Today, China’s Foreign Minister Wang Yi will meet with his Russian counterpart Sergey Lavrov to discuss the Russian-Chinese strategic partnership.
North Korea will very likely be on today’s agenda; however, the focus could pivot from the Hermit Kingdom’s nuclear ambitions to discussion about a Russian plan to expand entrance into the DPRK.
While the border between the DPRK and Russia is an 18-kilometre stretch, only one crossing links the countries, called the “Friendship Bridge”. About two weeks ago, Russian representatives travelled to the DPRK to discuss the idea of opening another bridge.
China too shares a border with the DPRK of nearly 1420 kilometres. With 23 automobile checkpoints between the two countries, over 80% of North Korean exports and imports involve China.
China will likely be receptive to Russia’s plan, but more for symbolic reasons than practical economic ones. Trade between Russia and North Korea remains insignificant, mostly because of UN sanctions and the very small size of the border. While another bridge would not improve trade, it could evoke a symbolic message that Russia intends on improving its historic diplomatic ties with North Korea.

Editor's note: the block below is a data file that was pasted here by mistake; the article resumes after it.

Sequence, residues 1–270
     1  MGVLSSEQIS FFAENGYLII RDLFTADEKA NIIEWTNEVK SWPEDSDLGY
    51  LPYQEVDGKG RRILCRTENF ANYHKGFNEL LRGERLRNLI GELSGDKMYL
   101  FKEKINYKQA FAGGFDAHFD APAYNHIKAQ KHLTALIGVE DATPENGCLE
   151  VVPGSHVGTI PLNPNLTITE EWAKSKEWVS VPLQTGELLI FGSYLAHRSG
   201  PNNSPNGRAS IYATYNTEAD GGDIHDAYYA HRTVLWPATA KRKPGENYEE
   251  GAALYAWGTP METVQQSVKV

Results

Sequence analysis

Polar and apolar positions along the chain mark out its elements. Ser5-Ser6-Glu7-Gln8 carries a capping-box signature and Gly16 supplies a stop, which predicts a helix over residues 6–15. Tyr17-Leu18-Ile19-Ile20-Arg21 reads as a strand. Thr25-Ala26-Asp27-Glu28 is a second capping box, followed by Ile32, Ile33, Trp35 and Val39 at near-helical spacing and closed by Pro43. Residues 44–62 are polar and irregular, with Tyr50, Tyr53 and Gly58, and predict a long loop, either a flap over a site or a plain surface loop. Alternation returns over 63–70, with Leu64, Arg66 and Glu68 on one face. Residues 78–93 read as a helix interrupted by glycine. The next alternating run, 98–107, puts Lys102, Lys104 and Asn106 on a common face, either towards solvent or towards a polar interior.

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Nick is the Director of the Daily Brief and a contributing Senior Analyst to it. An attorney, his areas of expertise include international law, international and domestic criminal law, security affairs in Europe and the Middle East, and human rights.